Tuesday, 20 June 2006

Los Llanos

On the third day, when it was finally sunny, I sat by the pool the whole day, rubbing in coconut oil that smelt like bananas and reading my book The Covenant – (thanks Mum, it really is interesting). I was just in ore of my surrounding; I came to realize that the tree most representative of happiness and peace is not the olive tree, but the palm tree, how can you be sad looking at that! And yes, we drank straight out of the coconuts with a straw pierced through a slice of lime… heaven. Everything was so green, rich bright wet green in contrast with a blue sky which seemed so high because of the clouds and the dark blue mountains to the north. Cata, Stephy and I went horse riding, I lied and said I couldn’t ride so I’d get the slowest and oldest horse! It was great, I just sat there, the horse knew where it was going… I realized pretty quickly that it didn’t like walking on the rough cobble stone or through the puddles (lakes!), so because I had the best view we weaved our way up the road, and of course on the way home all the horses walked twice as fast.

Sammie commented that my blog was too impersonal, so I’m taking guidance from Gilly’s new blog and will try and make my entries a little more diary like.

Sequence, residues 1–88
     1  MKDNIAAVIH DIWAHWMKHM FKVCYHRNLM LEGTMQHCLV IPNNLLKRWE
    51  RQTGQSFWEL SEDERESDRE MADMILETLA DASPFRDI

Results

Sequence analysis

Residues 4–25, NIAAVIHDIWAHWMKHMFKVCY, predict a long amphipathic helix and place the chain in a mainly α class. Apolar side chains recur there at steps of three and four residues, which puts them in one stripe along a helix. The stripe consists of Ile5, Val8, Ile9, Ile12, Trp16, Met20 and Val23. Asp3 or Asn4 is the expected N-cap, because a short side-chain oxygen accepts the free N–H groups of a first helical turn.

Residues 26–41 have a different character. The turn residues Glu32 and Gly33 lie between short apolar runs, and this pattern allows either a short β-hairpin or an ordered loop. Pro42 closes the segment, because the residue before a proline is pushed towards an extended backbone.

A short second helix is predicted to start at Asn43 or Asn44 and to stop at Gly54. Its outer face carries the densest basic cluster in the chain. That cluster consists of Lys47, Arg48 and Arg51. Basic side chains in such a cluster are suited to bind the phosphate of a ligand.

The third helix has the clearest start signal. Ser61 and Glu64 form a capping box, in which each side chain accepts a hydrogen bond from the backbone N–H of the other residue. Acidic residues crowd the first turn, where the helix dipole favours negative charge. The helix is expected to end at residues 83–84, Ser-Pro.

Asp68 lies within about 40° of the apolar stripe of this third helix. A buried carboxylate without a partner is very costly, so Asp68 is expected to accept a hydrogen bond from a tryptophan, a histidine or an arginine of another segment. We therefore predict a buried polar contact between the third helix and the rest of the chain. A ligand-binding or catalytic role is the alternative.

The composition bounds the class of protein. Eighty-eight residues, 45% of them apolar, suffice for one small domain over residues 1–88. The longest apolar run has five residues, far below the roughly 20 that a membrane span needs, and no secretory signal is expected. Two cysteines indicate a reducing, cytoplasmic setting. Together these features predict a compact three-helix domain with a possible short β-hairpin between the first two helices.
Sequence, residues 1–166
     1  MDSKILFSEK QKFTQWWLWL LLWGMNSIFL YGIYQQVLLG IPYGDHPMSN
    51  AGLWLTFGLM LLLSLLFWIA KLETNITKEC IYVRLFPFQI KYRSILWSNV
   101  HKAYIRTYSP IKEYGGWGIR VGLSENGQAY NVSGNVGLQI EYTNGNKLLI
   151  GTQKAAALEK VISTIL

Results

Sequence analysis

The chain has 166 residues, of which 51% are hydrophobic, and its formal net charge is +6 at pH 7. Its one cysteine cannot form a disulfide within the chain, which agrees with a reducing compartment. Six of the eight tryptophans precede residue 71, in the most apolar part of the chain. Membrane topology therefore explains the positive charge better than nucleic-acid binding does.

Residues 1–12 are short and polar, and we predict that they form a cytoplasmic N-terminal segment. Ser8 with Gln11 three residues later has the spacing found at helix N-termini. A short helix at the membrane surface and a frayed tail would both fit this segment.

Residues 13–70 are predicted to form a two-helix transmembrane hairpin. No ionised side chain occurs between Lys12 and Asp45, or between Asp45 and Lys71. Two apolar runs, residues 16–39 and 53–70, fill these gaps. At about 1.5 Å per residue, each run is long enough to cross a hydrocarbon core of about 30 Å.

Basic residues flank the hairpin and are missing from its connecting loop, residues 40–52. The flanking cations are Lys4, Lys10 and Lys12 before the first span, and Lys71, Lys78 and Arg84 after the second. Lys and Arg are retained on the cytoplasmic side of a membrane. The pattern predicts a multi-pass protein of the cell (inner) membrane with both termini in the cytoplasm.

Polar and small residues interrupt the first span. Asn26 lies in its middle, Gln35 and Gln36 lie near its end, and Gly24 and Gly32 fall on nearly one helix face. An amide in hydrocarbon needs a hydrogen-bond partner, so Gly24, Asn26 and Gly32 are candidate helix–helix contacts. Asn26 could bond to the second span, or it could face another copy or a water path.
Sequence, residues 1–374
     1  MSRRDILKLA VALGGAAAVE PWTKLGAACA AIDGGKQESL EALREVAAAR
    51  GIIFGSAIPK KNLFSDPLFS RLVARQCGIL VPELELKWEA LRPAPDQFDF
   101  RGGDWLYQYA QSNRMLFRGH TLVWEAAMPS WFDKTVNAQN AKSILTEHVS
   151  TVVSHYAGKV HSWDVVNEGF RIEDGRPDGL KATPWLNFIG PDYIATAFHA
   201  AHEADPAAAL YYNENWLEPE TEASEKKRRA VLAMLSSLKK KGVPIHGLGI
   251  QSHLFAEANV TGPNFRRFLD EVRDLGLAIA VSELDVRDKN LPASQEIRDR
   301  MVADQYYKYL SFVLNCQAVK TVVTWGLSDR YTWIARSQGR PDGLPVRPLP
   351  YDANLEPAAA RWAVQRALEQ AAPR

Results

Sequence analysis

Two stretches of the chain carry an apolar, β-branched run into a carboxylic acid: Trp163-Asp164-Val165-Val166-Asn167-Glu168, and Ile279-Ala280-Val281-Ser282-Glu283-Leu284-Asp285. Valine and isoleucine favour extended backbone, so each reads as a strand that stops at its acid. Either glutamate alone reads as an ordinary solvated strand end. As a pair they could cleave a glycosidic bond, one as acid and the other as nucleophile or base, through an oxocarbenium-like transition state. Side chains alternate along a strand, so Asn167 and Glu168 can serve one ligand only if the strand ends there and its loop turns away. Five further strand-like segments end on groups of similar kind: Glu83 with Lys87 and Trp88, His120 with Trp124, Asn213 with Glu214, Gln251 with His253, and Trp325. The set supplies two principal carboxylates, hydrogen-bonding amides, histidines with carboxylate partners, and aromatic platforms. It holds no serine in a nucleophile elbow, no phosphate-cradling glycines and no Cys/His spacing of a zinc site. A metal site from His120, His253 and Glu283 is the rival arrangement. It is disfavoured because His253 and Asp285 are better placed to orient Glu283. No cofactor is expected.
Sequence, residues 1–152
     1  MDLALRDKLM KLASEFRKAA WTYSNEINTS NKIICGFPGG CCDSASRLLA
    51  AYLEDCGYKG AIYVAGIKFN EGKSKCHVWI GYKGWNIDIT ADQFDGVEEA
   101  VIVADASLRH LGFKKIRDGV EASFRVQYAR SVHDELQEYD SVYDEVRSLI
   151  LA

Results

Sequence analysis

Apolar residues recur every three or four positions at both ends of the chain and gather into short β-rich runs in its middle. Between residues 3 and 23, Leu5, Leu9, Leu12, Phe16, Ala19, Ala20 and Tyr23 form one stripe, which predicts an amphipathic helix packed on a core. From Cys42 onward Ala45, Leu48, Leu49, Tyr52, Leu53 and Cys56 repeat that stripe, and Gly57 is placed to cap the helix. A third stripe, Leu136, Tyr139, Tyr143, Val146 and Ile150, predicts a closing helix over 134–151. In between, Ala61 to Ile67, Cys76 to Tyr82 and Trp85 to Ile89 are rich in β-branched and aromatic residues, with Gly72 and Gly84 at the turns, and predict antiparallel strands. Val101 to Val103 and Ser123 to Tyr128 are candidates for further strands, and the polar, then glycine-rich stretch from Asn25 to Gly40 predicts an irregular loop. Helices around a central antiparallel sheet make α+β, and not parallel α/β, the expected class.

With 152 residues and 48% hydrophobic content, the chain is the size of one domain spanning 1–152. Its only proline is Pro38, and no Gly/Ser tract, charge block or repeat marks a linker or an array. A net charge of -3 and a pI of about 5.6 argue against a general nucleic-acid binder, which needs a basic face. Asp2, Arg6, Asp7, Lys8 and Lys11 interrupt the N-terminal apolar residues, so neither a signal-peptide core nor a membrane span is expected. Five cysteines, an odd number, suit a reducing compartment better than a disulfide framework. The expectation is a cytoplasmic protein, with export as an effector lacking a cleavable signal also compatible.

Of course, I have to mention the food… Dad, you would have loved it! Each lunch time we stopped at a roadside dinner and gorged on BBQ meat, Mamona style. The technique is to skewer whole sides of beef with a long stick and then rest this vertically on the edge of a huge open fire place. The beef grills for up to six hours and the result is very tender meat with a crispy fatty outside, this was served in large chunks on flat banana leaves accompanied by piles of potatoes and platano, about 3 large dishes for all the family to share. Again, I had to wonder why the Aussie´s think they are the BBQing nation.

It was just really peaceful to be in the country again to hear crickets at night and to wake up to squawking parrots. To have chickens and ducklings roaming the gardens and to hear the cattle grazing in the paddocks. But what made me think of home was the sweet exotic smell of the moon flower plant. Just like the one at Hovenden that only blooms at night.


Gilly said...

Man, i want some of that BBQ!! Sounded awesome. Meat in Switzerland is soooooo expensive. Most of it is 3 or 4 times the amount per kilo in AUS, and you usually buy it per 100grams not per kilo.

Sounds like your living a pretty tough lifestyle there Candy.... Not!!

Spanish Classes, Horse Riding, Partying, sitting under the palm trees..... Damn, you really have turned into a lady of leisure!!

Hahaha, good on you... Live it up i reckon!!

See ya mate,


Anonymous said...

You are correct - love the sound of that barbecue. Check with Samo, I think she was meaning something else re; impersonal blog. L,D